Drumlin hills, shaped like upturned boats, are an Ice Age land form, well known in geology. However, the use of satellite images and LiDAR (ground penetrating radar from aircraft flying over regions of interest) has shown up the surface of our planet in great detail – and is springing surprises. Drumlins are often found in clusters, sometimes in their hundreds and thousands (mainly in Canada although drumlins also occur in Europe, even as far south as Ireland). They are thought to be footprints of the Ice Ages.
The big question has always been – were they formed progressively over a long period of time, beneath the ice sheet, or were they rapidly formed. New technology shows drumlins are just 'islands' of sediments and they can form long ridges up to a kilometer in length. They suggest drumlins and related land forms are caused by erosion but the data shows they have accumulated on hard rock surfaces too. This indicates a slow moving ice sheet undermined by fast or flowing corridors or ice streams which move more quickly. Melt water is not mentioned – but presumably the ice sheet when in a melting stage could give rise to drumlin fields. These ice streams or corridors move debris towards the margin of the ice sheets and in that respect drumlin fields can be used to mark the boundaries of ice sheets – and in this instance we are talking about the ice sheet of the Late Glacial Maximum. Receding glaciers in the modern world have exposed underlying beds of gravel, stones, and general rocky debris so the theory has a basis in reality. It is observable in the natural world. However, the authors also say the ridges of material may date to the 'last gasp' of the ice sheet – and here we are getting at the nub of the new findings. What role does water from a melting ice sheet play?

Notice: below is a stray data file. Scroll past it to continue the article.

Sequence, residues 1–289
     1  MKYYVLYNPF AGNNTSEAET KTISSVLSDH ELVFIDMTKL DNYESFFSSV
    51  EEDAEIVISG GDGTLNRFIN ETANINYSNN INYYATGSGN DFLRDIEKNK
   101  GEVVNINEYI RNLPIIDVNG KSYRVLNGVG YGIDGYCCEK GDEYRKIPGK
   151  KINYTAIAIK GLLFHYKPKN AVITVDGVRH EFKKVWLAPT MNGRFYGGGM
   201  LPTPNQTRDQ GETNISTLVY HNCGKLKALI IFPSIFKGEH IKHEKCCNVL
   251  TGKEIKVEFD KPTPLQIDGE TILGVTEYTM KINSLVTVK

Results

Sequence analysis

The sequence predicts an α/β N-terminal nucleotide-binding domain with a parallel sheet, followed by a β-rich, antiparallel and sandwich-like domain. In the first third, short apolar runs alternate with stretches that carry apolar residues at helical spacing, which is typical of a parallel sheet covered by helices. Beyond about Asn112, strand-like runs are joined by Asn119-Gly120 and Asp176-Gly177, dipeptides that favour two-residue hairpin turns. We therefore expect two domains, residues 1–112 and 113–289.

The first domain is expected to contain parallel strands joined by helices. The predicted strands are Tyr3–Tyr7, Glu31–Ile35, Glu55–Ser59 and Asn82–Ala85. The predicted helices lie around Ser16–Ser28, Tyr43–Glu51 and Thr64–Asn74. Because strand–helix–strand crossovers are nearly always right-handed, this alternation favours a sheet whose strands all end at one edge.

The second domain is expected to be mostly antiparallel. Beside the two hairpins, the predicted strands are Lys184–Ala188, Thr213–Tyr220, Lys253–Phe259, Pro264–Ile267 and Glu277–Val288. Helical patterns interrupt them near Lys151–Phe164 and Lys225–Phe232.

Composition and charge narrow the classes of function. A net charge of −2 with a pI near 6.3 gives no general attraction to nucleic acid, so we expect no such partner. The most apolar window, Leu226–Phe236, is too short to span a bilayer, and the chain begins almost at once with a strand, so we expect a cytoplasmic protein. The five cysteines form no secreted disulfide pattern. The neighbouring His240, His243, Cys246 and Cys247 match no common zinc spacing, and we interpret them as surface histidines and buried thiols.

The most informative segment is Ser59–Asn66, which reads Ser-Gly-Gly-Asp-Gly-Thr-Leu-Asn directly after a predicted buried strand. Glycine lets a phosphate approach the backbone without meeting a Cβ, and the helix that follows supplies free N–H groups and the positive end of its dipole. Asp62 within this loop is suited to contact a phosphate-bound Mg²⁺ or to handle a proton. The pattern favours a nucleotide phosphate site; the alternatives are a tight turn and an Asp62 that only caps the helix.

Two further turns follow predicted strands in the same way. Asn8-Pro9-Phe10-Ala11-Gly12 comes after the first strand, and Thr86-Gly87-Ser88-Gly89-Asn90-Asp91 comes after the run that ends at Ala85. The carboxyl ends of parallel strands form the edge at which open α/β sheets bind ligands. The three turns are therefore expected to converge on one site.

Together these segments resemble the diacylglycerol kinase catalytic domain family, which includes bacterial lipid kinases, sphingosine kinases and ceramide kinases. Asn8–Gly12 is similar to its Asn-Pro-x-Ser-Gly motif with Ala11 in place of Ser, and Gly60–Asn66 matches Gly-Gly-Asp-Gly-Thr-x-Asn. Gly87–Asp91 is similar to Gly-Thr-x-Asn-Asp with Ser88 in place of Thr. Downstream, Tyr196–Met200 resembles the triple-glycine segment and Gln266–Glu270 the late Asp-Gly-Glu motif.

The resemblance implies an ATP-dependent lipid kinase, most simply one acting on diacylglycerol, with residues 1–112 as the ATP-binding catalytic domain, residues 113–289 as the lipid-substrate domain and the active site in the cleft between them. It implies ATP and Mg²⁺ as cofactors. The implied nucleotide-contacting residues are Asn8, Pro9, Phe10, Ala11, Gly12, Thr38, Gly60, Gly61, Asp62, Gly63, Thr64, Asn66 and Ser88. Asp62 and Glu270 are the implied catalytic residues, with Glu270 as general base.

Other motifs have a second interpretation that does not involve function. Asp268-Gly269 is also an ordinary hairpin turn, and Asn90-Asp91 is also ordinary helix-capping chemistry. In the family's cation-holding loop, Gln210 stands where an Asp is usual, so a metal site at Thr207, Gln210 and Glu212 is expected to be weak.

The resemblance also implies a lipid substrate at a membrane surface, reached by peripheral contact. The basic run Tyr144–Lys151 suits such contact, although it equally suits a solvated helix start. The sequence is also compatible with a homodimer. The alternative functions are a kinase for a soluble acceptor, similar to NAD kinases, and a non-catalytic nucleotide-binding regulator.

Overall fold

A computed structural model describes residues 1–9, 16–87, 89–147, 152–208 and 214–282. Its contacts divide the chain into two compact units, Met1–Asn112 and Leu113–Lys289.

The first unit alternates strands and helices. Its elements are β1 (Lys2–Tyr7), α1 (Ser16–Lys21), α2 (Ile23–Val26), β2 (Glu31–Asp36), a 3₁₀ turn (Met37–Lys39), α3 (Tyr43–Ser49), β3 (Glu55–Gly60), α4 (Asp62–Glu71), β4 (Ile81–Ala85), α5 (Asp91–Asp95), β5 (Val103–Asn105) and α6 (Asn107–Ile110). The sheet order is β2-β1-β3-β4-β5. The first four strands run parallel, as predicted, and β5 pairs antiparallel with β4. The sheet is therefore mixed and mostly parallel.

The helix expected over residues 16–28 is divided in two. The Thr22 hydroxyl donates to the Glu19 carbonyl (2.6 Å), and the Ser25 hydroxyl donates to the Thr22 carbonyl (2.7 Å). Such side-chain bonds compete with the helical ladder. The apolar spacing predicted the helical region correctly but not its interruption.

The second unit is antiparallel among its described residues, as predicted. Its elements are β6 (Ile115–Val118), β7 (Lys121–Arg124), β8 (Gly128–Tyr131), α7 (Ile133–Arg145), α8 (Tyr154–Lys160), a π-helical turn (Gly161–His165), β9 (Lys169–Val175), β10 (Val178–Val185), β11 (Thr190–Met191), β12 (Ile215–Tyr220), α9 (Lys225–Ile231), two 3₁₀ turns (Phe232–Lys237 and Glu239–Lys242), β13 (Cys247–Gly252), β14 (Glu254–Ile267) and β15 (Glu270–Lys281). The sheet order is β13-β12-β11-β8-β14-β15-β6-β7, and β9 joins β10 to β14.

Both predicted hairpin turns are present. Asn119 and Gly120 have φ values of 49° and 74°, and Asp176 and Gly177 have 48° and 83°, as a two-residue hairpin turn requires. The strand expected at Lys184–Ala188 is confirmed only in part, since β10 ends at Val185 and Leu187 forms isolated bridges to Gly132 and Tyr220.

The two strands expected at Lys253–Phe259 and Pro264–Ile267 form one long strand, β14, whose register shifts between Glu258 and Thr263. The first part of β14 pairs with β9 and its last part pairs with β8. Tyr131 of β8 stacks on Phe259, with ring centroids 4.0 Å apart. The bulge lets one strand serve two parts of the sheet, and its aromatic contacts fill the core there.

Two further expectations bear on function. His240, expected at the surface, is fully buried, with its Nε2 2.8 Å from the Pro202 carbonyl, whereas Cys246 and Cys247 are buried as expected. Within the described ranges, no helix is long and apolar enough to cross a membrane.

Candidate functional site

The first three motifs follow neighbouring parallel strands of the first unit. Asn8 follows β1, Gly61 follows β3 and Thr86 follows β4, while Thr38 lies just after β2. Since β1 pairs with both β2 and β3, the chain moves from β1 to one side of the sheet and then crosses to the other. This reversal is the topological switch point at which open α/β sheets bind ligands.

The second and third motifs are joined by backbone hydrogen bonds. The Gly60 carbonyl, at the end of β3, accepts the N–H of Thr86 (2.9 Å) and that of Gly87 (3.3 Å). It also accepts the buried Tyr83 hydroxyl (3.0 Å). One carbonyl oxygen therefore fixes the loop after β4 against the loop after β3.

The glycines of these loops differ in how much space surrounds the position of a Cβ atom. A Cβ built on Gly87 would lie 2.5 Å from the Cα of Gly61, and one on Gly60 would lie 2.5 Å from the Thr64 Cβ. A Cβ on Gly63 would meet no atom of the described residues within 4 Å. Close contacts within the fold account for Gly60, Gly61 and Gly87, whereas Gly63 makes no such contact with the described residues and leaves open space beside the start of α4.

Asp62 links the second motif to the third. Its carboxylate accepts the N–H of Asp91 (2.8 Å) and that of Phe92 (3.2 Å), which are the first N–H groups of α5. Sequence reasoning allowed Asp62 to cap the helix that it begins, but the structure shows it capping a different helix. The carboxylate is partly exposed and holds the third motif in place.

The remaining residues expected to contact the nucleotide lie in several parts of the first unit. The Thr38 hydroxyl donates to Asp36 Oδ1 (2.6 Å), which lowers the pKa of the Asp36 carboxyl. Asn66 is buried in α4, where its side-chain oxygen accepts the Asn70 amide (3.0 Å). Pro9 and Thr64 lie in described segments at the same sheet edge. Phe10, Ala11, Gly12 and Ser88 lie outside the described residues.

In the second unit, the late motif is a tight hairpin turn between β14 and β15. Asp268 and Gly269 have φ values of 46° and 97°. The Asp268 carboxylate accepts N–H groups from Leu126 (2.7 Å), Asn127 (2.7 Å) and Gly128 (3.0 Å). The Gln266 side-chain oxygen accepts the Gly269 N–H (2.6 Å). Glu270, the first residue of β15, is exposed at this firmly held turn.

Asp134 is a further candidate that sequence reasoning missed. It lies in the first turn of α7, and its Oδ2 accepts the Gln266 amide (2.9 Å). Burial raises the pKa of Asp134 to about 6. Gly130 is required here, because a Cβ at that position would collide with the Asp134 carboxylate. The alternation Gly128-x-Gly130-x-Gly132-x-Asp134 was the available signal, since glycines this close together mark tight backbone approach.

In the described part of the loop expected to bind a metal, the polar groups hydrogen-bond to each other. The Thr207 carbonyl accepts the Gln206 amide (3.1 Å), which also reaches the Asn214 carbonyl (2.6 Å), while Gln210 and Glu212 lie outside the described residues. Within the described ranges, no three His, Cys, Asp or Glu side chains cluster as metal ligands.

This is not just a matter of dating when drumlins or other land forms came into being – during the LGM or towards the close of the LGM, but it also impinges on the extent of the Laurentide ice sheet (the Late Glacial Maximum ice extent) as drumlins and those ridges may have run off the ice sheet (formed by melt waters) and the extent of Laurentide might have been somewhat narrower than it is in current mainstream geology. It definitely reached further south than earlier ice sheets (or the more recent ice sheets as really old ice sheets have been rubbed out by subsequent geological processes) so that must remain. I am thinking of how far west did the Laurentide ice sheet extend? Somebody with the surname of Shaw contended many years ago that it was not much further than Ontario. Don't know if this was disproved – or what. It would cause a rethink on the LGM if the ice sheet was restricted more or less to NE N America. Anyway, the article is published in Sedimentary Geology (March 2016), not a journal that causes much of a stir or one that is brought to the attention of the likes of PhysOrg or Science Daily, but in this instance the University of Toronto is responsible for the press release). Alternative opinions might be worth investigating via Google Scholar. Anyone with that inclination can get back to me via the contact link on our web page.
Oh, I forgot, the link is http://phys.org/print378470982.html. Enjoy.